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Electric flying taxis take centre stage

Electric flying taxis took centre stage at the Singapore Airshow this week as pressure to cut emissions and rebound from the pandemic leads airlines to invest in short, battery-powered hops to spur future growth.

While conventional aircraft sales at the show were modest, Malaysian tycoon Tony Fernandes’s AirAsia reached a non-binding agreement with aircraft-leasing firm Avolon Holdings Ltd to rent at least 100 of Vertical Aerospace Ltd’s flying taxis, confirming an earlier Bloomberg News report.

Avolon, an investor in Vertical, has ordered 500 of the UK startup’s VX4 aircraft, conditioned on milestones including certification.

Separately, Embraer SA unit Eve Urban Air Mobility and Microflite, an Australian helicopter operator, announced an order of as many as 40 electric vertical take-off and landing aircraft, or eVTOLs, to support the start of operations in Australia in 2026. Eve also struck a deal with Aviair and HeliSpirit, which serve some of Western Australia’s most popular tourist attractions, for as many as 50 eVTOLs.

“Decarbonization is the world’s single biggest challenge we face as a generation, and the decarbonization of aviation is the single biggest opportunity us in the aviation industry have,” Domhnal Slattery, chief executive officer of Avolon, said. “The electrification of aircraft is a first and important step in that journey.”

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An increasing number of carriers are looking into the battery-powered aircraft market to connect business centers with airports and ferry people between cities. Legacy airlines including American Airlines Group Inc, Virgin Atlantic Airways Ltd and Japan Airlines Co have together ordered hundreds of Vertical eVTOLs.

Startups such as Eve, Vertical and Joby Aviation Inc are meanwhile racing to refine the technology and gain safety certifications. The push promises to jumpstart a generation of cleaner-emission aircraft that allow carriers to offer fast, reasonably priced trips competing with helicopter, taxi and train services.

“As we talk to our children that are coming up, they don’t want to fly in machines that emit any kind of emissions,” Slattery said. “It’s going to take us decades to solve that problem, but this is a first step in the right direction.”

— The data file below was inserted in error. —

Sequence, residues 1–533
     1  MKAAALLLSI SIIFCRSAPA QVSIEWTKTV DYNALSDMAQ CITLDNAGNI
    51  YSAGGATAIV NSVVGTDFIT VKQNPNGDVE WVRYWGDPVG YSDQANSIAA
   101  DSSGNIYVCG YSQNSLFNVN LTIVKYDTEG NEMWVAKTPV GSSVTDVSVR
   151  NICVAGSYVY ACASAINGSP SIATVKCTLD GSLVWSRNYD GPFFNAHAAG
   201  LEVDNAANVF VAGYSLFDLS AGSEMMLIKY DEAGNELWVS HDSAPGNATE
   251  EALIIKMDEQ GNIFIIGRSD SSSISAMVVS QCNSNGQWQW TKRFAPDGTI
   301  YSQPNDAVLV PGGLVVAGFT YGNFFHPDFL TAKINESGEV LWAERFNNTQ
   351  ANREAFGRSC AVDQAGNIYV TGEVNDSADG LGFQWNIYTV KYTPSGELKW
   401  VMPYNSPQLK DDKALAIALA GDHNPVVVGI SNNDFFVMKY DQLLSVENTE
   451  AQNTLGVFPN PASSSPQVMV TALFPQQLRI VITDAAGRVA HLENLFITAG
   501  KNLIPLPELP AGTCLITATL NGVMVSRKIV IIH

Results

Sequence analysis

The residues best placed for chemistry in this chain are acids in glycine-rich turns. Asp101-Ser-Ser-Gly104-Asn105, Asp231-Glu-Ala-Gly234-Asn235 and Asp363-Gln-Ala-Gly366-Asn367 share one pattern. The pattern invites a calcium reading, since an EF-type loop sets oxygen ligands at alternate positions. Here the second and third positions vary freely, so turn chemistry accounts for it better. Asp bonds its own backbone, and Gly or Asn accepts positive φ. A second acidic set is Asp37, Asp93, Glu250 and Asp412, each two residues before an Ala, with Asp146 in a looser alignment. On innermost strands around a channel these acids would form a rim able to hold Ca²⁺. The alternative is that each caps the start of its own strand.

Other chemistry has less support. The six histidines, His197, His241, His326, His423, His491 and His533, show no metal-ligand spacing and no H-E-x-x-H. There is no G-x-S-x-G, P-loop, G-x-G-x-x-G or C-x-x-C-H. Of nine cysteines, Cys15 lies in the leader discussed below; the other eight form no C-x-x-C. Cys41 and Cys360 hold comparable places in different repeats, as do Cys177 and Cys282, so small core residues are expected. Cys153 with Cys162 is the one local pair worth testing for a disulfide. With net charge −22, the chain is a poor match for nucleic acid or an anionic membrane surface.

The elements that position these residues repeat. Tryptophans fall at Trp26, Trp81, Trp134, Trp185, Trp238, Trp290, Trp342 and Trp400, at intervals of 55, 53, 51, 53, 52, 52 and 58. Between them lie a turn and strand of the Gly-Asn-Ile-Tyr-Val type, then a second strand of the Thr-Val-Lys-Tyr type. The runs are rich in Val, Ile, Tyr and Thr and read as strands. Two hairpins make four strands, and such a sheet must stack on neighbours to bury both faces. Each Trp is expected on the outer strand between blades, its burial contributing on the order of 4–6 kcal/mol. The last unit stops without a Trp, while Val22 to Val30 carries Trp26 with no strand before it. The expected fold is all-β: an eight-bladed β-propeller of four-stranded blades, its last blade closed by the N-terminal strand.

With 82,500 passenger eVTOLs in operation by 2050, the Asia Pacific region will account for 51% of the global market, according to a study by Rolls-Royce Holdings Plc and Roland Berger released this week. The aircraft could be used as airport shuttles, for tourist flights or intercity travel, flying as far as 250 kilometers (155 miles), according to the study.

Demand for eVTOLs is exceptionally high, Slattery said this week. Prior to the AirAsia deal, Avolon had signed commitments for as many as 350 Vertical aircraft, including with Brazil’s largest airline, Gol Linhas Aéreas Inteligentes.

A number of obstacles will have to be cleared before people are zipping around like the Jetsons cartoon TV family. While many in the aviation industry have jumped on the electric flying taxi bandwagon, not a single unit has been certified by regulatory agencies so far.

EVTOL flight range remains limited as well, and the potential electrification of popular planes such as Airbus SE’s A320s or Boeing Co’s 737 has been largely ruled out due to the weight of huge batteries that would be required to fly hundreds of miles.
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There is competition for development funds too, as some in government or industry are more inclined toward alternatives such as sustainable aviation fuel, which can work in conventional aircraft, hydrogen-powered engines and hybrid-electric designs. Each will require new infrastructure.

That hasn’t deterred early movers from betting big. Joby said this week it will work with ANA Holdings Inc to bring aerial ridesharing to Japan.

Embraer’s Eve also sees huge potential for eVTOLs to circumvent traffic jams on busy streets in Asia-Pacific countries. It estimates some 25,000 eVTOLs in the region by 2035, accounting for about half of global demand, said co-CEO Andre Stein.

The company expects to start services in 2026 after obtaining approvals from relevant authorities.

“Embraer has certified over 30 different aircraft models in the last 25 years,” Stein said. “We’re leveraging that same type of experience and engaging with customers to create a product that has a differentiation.”

Read: South Africa’s first open-road electric vehicle range test: Jaguar I-Pace vs BMW i3s vs MINI Cooper SE

Artmotion S.Africa

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